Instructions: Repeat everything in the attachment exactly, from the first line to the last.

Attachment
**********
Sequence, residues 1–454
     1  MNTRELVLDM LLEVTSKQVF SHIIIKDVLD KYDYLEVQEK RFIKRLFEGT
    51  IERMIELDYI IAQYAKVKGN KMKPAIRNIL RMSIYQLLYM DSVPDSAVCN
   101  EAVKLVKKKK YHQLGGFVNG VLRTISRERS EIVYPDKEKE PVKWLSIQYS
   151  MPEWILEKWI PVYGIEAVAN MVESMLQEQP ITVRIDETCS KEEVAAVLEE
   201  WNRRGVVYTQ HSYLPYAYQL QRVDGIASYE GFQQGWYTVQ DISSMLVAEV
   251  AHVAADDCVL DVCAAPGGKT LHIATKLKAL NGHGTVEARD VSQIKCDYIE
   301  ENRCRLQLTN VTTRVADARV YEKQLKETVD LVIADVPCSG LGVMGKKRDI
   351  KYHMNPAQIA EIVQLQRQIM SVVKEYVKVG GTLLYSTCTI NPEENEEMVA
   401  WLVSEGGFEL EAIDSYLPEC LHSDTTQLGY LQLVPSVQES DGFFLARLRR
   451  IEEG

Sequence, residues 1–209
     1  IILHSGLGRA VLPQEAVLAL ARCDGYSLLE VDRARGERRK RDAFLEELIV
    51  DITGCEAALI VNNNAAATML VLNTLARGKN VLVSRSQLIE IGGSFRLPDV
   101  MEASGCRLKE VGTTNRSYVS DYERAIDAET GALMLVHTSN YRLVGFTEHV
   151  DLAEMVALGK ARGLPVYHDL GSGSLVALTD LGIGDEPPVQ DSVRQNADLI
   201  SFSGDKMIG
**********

Sequence, residues 1–454
     1  MNTRELVLDM LLEVTSKQVF SHIIIKDVLD KYDYLEVQEK RFIKRLFEGT
    51  IERMIELDYI IAQYAKVKGN KMKPAIRNIL RMSIYQLLYM DSVPDSAVCN
   101  EAVKLVKKKK YHQLGGFVNG VLRTISRERS EIVYPDKEKE PVKWLSIQYS
   151  MPEWILEKWI PVYGIEAVAN MVESMLQEQP ITVRIDETCS KEEVAAVLEE
   201  WNRRGVVYTQ HSYLPYAYQL QRVDGIASYE GFQQGWYTVQ DISSMLVAEV
   251  AHVAADDCVL DVCAAPGGKT LHIATKLKAL NGHGTVEARD VSQIKCDYIE
   301  ENRCRLQLTN VTTRVADARV YEKQLKETVD LVIADVPCSG LGVMGKKRDI
   351  KYHMNPAQIA EIVQLQRQIM SVVKEYVKVG GTLLYSTCTI NPEENEEMVA
   401  WLVSEGGFEL EAIDSYLPEC LHSDTTQLGY LQLVPSVQES DGFFLARLRR
   451  IEEG

Sequence, residues 1–209
     1  IILHSGLGRA VLPQEAVLAL ARCDGYSLLE VDRARGERRK RDAFLEELIV
    51  DITGCEAALI VNNNAAATML VLNTLARGKN VLVSRSQLIE IGGSFRLPDV
   101  MEASGCRLKE VGTTNRSYVS DYERAIDAET GALMLVHTSN YRLVGFTEHV
   151  DLAEMVALGK ARGLPVYHDL GSGSLVALTD LGIGDEPPVQ DSVRQNADLI
   201  SFSGDKMIG